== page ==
When the truth no longer matters, all lies become plausible. The earliest pioneers of the internet hoped that by connecting everyone together, the truth would always float to the surface. When anyone could easily fact-check any falsehood and spread the truth at the speed of light, the truth would always win out, right?
Instead, we've used the internet to create insular bubbles where our friends and news sources magnify our pre-determined beliefs and shout them back at us. If you don't think you're guilty of this, ask yourself when you last removed an acquaintance from your Facebook or Twitter feed because you got sick of reading their opinion.
In this new media landscape, people cocoon themselves away from information that disagrees with their pre-existing beliefs. Debate and conversation, so dependent on tone and nuance, die a painful death in this world. Everyone is free to change everyone's mind, but it's impossible to get anyone to pay attention.
Now this phenomenon is driving a political campaign. Trump works so well as a candidate because he just rambles. He says whatever silly thing pops into his mind and barrels forward, full of confidence and lacking in grace.
His detractors listen to his many blunders, magnify them and ignore when he makes good points. His supporters listen until they hear something they agree with, and ignore him when he says something brazenly ludicrous.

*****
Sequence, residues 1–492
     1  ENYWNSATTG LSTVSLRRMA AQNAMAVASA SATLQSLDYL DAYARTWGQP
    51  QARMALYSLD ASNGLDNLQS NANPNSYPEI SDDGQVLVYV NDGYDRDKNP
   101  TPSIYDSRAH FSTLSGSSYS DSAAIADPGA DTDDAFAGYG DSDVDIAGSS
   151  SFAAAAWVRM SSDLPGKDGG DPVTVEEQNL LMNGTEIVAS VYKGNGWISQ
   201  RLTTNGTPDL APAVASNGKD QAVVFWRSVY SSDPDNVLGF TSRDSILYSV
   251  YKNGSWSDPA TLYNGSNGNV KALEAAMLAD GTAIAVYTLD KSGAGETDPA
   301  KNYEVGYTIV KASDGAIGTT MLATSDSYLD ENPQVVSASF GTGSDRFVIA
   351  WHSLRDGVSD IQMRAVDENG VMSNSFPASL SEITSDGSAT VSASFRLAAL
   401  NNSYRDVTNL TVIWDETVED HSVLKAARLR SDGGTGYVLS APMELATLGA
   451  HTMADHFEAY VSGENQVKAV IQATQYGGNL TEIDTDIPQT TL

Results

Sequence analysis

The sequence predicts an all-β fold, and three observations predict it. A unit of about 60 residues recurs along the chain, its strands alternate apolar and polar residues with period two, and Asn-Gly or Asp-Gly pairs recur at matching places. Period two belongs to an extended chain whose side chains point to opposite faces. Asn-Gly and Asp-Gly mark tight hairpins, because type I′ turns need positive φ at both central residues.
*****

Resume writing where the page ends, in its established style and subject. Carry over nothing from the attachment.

This is peak political cynicism, and it's only just begun. Politicians on both sides of the aisle are taking notes as Trump teaches them just how far they can push the American electorate's sense of reality before it shatters.
When Gingrich tells a news anchor, on live television, that feelings matter more than facts, we should realize we're on the cusp of a frightening new reality. One that resembles Russia more than America.
Regardless of what happens in November, Trump has dragged American political discourse out of the flawed light of Western democracy and into the cold, cynical, Eastern world of Putinesque despair.
A world where all things are possible if we ignore the unpleasant truths.
From drones to AKs, high technology to low politics, War is Boring explores how and why we fight above, on, and below an angry world. Sign up for its daily email update here or subscribe to its RSS Feed here.